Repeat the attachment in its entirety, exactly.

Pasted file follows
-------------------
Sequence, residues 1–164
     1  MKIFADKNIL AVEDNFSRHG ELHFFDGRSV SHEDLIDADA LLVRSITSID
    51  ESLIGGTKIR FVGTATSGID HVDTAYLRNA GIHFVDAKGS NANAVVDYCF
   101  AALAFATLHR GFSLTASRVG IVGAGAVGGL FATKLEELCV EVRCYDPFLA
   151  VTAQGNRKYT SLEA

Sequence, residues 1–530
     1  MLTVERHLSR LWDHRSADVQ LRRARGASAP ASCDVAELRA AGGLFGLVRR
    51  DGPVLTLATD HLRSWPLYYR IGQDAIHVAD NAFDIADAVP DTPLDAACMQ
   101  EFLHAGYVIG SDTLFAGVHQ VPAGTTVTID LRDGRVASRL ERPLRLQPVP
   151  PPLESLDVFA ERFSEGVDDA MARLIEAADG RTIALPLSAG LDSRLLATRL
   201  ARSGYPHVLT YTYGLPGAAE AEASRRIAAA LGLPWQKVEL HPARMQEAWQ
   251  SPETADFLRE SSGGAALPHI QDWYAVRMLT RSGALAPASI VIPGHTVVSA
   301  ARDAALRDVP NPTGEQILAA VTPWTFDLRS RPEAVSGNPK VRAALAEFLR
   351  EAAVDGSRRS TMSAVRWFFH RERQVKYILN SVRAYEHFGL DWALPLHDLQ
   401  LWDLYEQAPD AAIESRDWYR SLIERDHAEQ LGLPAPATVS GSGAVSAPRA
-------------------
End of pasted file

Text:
Sequence, residues 1–164
     1  MKIFADKNIL AVEDNFSRHG ELHFFDGRSV SHEDLIDADA LLVRSITSID
    51  ESLIGGTKIR FVGTATSGID HVDTAYLRNA GIHFVDAKGS NANAVVDYCF
   101  AALAFATLHR GFSLTASRVG IVGAGAVGGL FATKLEELCV EVRCYDPFLA
   151  VTAQGNRKYT SLEA

Sequence, residues 1–530
     1  MLTVERHLSR LWDHRSADVQ LRRARGASAP ASCDVAELRA AGGLFGLVRR
    51  DGPVLTLATD HLRSWPLYYR IGQDAIHVAD NAFDIADAVP DTPLDAACMQ
   101  EFLHAGYVIG SDTLFAGVHQ VPAGTTVTID LRDGRVASRL ERPLRLQPVP
   151  PPLESLDVFA ERFSEGVDDA MARLIEAADG RTIALPLSAG LDSRLLATRL
   201  ARSGYPHVLT YTYGLPGAAE AEASRRIAAA LGLPWQKVEL HPARMQEAWQ
   251  SPETADFLRE SSGGAALPHI QDWYAVRMLT RSGALAPASI VIPGHTVVSA
   301  ARDAALRDVP NPTGEQILAA VTPWTFDLRS RPEAVSGNPK VRAALAEFLR
   351  EAAVDGSRRS TMSAVRWFFH RERQVKYILN SVRAYEHFGL DWALPLHDLQ
   401  LWDLYEQAPD AAIESRDWYR SLIERDHAEQ LGLPAPATVS GSGAVSAPRA